Celebrating the cultures responsible for so many of our favorite foods today, there are six different options to shake up the bean routine in an instant.

Cuban Black Beans dazzle with savory notes of cumin and bay leaf simmered into every tender, toothsome morsel. The taste immediately struck me as a perfect pairing with chips, like a chunky dip, straight out of the bag. Adding freshly diced bell pepper to harmonize with those stewed within, the harmonizing flavors yet contrast of textures was simply sensational. This brilliantly simple combination is clearly a party-starter waiting to happen.

Mexican Mayocoba Beans shine the spotlight on a lesser known legume, bathing the creamy, if not downright buttery beans in a waterfall of onions and garlic, accented by piquant ancho chile and epazote. Swaddled in soft corn tortillas, they turn any day of the week into a flavorful fiesta, not just Taco Tuesday.

Puerto Rican Pink Beans, spiked with achiote and a hint of cilantro, are unbelievably rich, satisfying comfort food cravings without using excessive oil or salt as a crutch. Adding a scoop of steaming hot yellow rice alongside was merely a ploy to soak up every last drop of that thick, velvety gravy.

Peruvian Lentils manage to maintain an ideal half-dome shape, not mushy nor unpleasantly crunchy, which is quite a feat for this fickle little legume. As a meal in frequent rotation now, a touch of zesty aji verde enlivens the umami medley stuffed into a ripe avocado. If I had one shred of patience come mealtime, this has the makings of the ultimate avocado toast, but I’d rather just skip straight to the good stuff. An extra slice of bread would just be unnecessary filler here.

Tex-Mex Pinto Beans invites a punchy smattering of jalapenos to the party alongside the warmth of chili powder. Though mild, they’ve got a zesty kick that plays beautifully with the earthy flesh of baked sweet potatoes. Loaded with an extra punch of fresh, fiery pepper confetti on top, it’s a cozy yet invigorating union that will keep you on your toes.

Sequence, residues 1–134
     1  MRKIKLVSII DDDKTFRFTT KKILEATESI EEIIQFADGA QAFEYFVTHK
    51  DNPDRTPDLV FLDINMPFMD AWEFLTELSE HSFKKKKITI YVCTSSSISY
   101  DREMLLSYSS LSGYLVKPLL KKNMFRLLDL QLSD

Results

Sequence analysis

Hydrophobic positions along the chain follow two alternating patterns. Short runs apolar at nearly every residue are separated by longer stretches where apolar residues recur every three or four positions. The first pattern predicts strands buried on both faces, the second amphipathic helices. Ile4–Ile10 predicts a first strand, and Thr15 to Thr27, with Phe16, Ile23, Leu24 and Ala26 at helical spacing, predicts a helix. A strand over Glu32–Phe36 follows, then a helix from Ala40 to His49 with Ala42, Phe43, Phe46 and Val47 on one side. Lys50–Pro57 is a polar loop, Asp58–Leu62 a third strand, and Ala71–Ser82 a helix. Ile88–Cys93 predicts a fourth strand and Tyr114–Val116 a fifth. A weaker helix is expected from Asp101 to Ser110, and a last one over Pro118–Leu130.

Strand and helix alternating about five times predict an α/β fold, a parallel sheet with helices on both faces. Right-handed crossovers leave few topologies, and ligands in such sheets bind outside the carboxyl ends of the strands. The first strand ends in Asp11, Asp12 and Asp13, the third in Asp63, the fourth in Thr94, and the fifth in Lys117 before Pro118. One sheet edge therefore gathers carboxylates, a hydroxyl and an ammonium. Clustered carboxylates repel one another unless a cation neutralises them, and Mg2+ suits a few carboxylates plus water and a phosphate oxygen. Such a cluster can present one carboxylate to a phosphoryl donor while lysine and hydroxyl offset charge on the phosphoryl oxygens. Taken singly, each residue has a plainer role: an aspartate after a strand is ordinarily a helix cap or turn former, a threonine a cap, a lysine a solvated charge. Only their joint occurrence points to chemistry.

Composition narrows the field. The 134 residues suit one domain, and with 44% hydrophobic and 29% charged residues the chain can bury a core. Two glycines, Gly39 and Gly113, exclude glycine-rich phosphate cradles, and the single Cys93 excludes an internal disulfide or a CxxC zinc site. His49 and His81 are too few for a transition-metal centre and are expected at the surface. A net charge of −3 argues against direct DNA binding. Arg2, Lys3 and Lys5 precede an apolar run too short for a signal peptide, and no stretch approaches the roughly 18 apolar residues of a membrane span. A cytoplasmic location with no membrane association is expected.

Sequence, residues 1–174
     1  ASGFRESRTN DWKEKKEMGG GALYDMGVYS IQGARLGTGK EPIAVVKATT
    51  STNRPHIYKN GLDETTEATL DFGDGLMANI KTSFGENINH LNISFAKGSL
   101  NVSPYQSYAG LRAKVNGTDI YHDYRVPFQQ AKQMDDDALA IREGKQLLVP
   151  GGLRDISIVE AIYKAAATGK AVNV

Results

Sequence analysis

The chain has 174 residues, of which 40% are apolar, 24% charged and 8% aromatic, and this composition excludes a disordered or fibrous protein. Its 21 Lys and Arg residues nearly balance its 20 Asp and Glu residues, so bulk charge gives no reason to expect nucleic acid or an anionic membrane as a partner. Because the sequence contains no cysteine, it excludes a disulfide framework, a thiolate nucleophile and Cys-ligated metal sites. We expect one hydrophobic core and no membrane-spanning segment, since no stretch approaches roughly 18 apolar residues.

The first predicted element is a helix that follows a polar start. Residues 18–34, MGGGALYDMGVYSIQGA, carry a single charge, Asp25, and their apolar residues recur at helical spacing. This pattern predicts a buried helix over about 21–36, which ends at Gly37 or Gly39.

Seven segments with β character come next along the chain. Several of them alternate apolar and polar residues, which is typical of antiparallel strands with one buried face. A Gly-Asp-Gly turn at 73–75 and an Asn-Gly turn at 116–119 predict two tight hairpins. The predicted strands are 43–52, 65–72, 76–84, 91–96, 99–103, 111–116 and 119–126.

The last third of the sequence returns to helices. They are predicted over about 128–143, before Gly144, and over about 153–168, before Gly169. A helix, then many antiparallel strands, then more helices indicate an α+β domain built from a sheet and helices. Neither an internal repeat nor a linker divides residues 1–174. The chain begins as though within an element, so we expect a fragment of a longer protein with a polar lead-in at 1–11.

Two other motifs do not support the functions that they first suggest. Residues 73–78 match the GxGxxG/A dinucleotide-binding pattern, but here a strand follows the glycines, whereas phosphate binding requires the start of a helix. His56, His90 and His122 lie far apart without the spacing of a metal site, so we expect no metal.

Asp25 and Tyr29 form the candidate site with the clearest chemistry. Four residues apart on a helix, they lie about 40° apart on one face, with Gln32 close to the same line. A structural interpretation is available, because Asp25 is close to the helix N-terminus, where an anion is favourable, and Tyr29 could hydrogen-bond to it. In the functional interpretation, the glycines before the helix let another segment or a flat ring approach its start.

Panamanian Garbanzo Beans ranked as one of my personal top picks, though it’s hard to really rank favorites when all the options are winners. Adding just a touch of vegetable broth created a rich stew that tasted as if it had been on the stove, cooking for hours. These particular beans have a subtle tomato undertone carrying notes of verdant oregano, perfectly al dente, in a way I can only dream of when cooking from dried stock. I was so thoroughly inspired by these chickpeas that I couldn’t leave well enough alone. After downing two or three packages straight, I had to take them into the kitchen to play.

Traditionally tinted a blushing pink hue with steamed and sliced beets, Ensalada de Papas is the Panamanian answer to potato salad. Incredibly popular for special occasions and everyday meals alike, there’s no bad time to break out a bowlful of this creamy dish. Simply adding a pouch of Fillo’s garbanzo beans transforms it into potential entree material, while still remaining flexible enough to serve as a side. My version adds the crisp bite of water chestnuts for variety, but at it’s core, all you need are potatoes, beets, and beans. The key is to keep it simple to allow the ingredients to speak, like Fillo’s Americas Made does in the first place.

Fillo’s is available online and in many retail stores such as Whole Foods, Jewel Osco, and more, but I want to share the legume love with you directly. Generously provided by the folks at Fillo’s Americas Made, you have an opportunity to win a full set of beans! Get a taste of each unique bend with a variety pack including one pouch of each flavor. To enter, all you need to do is fill out the form below and tell me your own little legume story in the comment section: What is your favorite bean, and how do you like to prepare it?